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Detailed Specs: Jatoba

Scientific Name:  Hymenaea courbaril
Family:   Leguminosae
Other Names:   Cuapinol, Guapinol (Mexico), Guapinol (Central America), Locust, Kawanari (Guyana), Rode lokus (Suriname), Algarrobo (Spanish America), Jatahy, Jatoba (Brazil).

The Tree

May grow to a height of 130 feet with the trunk diameter being 5 to 6 feet. Trees less than 100 feet tall have a diameter of 2-4 feet. Boles are well formed and are often clear for 40 to 80 feet. They are basally swollen or buttressed in large trees.

The Wood

General Characteristics: The heartwood is salmon to orange brown when freshly cut and becomes russet to reddish brown when seasoned; often marked with dark streaks. The sapwood is usually wide with a white, pinkish or grey color. Texture is medium to rather coarse; grain mostly interlocked; golden luster; without a distinctive odor or taste.

Weight: Basic specific gravity (oven dry/green volume) 0.71 to 0.82; air dry density-52 to 61 pcf.

Drying and Shrinkage: This wood is rated as slightly difficult to air dry, it seasons at a fast to moderate rate with only slight checking and warp. Kiln schedule T3-C2 is suggested for 4/4 stock and T3-C1 for 8/4. Shrinkage green to oven dry: radial 4.5%, tangential 8.5%; volumetric 12.7%. Values are low for a wood of this density.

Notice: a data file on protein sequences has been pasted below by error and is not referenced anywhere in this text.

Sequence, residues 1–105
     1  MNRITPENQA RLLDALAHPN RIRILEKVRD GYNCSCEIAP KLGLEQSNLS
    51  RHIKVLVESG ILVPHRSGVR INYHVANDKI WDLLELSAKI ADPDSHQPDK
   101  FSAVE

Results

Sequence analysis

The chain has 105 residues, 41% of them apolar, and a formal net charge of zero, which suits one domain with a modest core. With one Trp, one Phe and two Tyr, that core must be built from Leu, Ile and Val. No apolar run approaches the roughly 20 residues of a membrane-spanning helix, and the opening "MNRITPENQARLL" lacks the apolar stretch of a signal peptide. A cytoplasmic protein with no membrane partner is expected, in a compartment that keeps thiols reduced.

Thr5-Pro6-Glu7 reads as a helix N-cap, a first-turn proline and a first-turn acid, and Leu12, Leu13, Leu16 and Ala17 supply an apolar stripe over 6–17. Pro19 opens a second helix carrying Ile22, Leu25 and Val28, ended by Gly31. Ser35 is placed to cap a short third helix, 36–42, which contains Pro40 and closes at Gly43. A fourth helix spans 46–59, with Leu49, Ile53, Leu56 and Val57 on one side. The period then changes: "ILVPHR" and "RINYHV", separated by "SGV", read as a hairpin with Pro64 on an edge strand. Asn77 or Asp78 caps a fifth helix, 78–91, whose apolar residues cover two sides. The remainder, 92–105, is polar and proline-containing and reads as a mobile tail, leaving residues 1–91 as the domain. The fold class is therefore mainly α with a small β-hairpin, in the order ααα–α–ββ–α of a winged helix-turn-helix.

Working Properties: This wood is moderately difficult to saw and machine largely due to the fact of its high density, but except in planing it can be machined to a smooth surface. It is difficult to plane because of the interlocked grain, however, it is easy to glue and finishes satisfactorily. The steam bending properties are those similar to white oak.

Janka side hardness at 12% moisture content 2350 to 3290 lb. Forest Products Laboratory toughness average for green and dry material is 23 inches – lb. (5/8 specimen).

Durability: According to laboratory evaluations the wood is very resistant to brown rot and white fungi; actual field exposure trials also rate the wood as very durable. The heartwood is also rated very resistant to dry wood termites; has little resistance to marine borers.

Distribution: Southern Mexico throughout Central America and the West Indies to northern Brazil, Bolivia and Peru. The tree’s best development is on ridges or slopes and high riverbanks.

Preservation: The heartwood is not treatable using open tank or pressure-vacuum systems. Only the sapwood is responsive.

Uses: Used where good shock resistance is needed such as in tool handles. Also used in steam bent parts, flooring, turnery, furniture, cabinet work, railroad crossties tree nails, gear cogs, wheel rims, and a variety of other specialty items. In addition, the seed pods contain edible pulp and exudes a rosin like gum known commercially as South American Copal.


–               Chundnoff, Martin (1984), “Tropical Timbers of the World.” USDA Forest Service Ag. Handbook No.607.

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